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The Schist of Gathering Garnet

Figure 1: Sand-sized purple garnets from the parking lot gravels of St. Joe State Forest. 2019.

If you want to rock and roll on home with a pocket brimming with Idaho purple garnets, there are few basic things to know. First, garnets are not as rare as the gemstone industry may have lead you to believe. Second, they're called Idaho star garnets because even if they're not one in a million, they're still 10/10 in sex appeal. Third, as with anything pertaining to monetary gains- WATCH YOUR STEP HERE, DUDE. The industrial use for garnets as abrasives makes them both cheap and highly desirable. Considering they are also plentiful in many states, this adds another layer to the collection protocol. In Washington, there are streams and cool mountain trails littered with purple garnets. According to one of my rock gurus, you can easily fill a backpack with hundreds of lower-quality specimens if you're willing to make the trek up the steepness and back, rocks in tow. I say "lower-quality" because, as far as the three key elements of gemology go, the Washington garnets are a stark second to those in Idaho.

Figure 2: Megan Schindler inspects some roadside schist with embedded sand-sized garnets. 2019.

In general, color, transparency (light passing through), and translucency (light and images pass through) are the three big elements that determine the quality and market value of stones. Washington purple garnets are just a little too cloudy and rough to compare with the world-famous Idaho purple star garnets. In addition to being the birthstone of January, garnets also get their name from one of my favorite fruits: pomegranate. Apparently, the Latin granatus means pomegranate, which is the color of most gem-quality garnets [source:]. As a gem, these suckers are on the softer side, settling at about a 7.5 at their hardest. They can be found all over the world and in many different colors from purple to green to yellow. Ok, enough of this monkey business background.

Where can YOU, my darling rockhounds, find them yourself?

Survey says: A load of places! BUT, they just might not be very big. Since they have an industrial application and can be found tumbling right out of their crumbly schist matrix into creeks and washouts, most of the really good specimen areas are under claim. Makes sense, amirite? I've said it before and I will say it until they stick me in the furnace: If you could make money rockhounding, it wouldn't be free or legal.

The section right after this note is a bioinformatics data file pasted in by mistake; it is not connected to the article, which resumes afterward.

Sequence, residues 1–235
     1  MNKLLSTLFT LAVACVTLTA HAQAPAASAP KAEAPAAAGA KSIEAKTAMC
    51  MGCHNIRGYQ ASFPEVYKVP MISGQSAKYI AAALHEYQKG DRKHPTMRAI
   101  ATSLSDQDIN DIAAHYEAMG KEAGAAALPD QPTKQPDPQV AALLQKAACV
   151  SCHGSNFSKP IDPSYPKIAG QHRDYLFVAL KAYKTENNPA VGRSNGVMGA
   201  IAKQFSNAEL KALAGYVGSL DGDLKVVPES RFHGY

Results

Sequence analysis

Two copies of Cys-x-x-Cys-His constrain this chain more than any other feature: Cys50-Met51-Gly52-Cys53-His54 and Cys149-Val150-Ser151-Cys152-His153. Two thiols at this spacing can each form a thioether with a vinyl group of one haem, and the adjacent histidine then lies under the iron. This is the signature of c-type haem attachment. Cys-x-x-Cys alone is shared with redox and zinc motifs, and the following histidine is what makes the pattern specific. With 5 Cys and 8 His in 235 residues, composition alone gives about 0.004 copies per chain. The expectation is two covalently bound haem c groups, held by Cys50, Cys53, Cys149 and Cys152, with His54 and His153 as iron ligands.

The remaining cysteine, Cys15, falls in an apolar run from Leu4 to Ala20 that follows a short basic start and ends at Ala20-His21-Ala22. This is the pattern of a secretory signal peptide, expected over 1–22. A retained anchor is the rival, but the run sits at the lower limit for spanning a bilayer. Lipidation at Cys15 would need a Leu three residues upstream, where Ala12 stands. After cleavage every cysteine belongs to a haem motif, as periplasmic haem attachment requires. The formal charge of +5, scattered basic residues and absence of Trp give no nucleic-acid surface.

That said, the Falcon Guides to Washington and Idaho are packed with places to check out. Ruby Creek in the upper WA Cascades is a garnet creek bed. Emerald Creek, ID is open to permit digging in the western panhandle for world-class collecting. Actually, now that I think about it, the panhandle of Idaho is crawling with loose mica, quartz, and 'lil garnets to scratch that hounder's itch. Check road cuts with flaky schist and little baby hexagon holes in them. These geometric usteruses (uteri?) gave birth to the plentiful garnets snuggled all comfy in the forest road gravels and streams.

The Oregon and California coasts also have garnets in yellows and dull reds, if you know where to look. I don't. But I know people who do! So....they're definitely out there. The memorandum from the Elder Rockhounds is overwhelmingly, "Garnets used to be so much more available but now the claims are all bought up and the really good mines have mostly closed or run dry." Frank told me that, after weaving his glorious tale of finding a $20k stone in a hematite pyramid growth so perfectly shaped and balanced that at the climax of is tale he threw it into a pan and it spun freely for thirty blissful seconds. Frank was really something...when I feel the post about him is worthy of his greatest, you can count on seeing it here.

Mourn not the closed mines and exhausted deposits though! In this, our age of Technology and Environmentalism we have numerous sources to get outside and find something grand. Guide books (much like textbooks) are out-of-date almost by the time they are distributed in print. However, a guide to the state you are hounding in is your ticket to the wonderful world of garnets. Like I said, garnets are common enough that you can find them in most volcanic basalt in some form or another. So be sure to poke around anywhere your geologic map suggests their surfacing. For gem-quality stuff, your best bet is to chat up the local rock club for tours and claim owners, hit up a pay-to-dig mine, or go for a nice long drive up the forest roads in BLM lands where allowed, stopping to look every so often in the sandy gravels for 'lil sips of wine-colored perfection.

Megan and Rock Rat out garnet hunting. 2019.

I'm sure I'll see you out there.

Happy Hounding!


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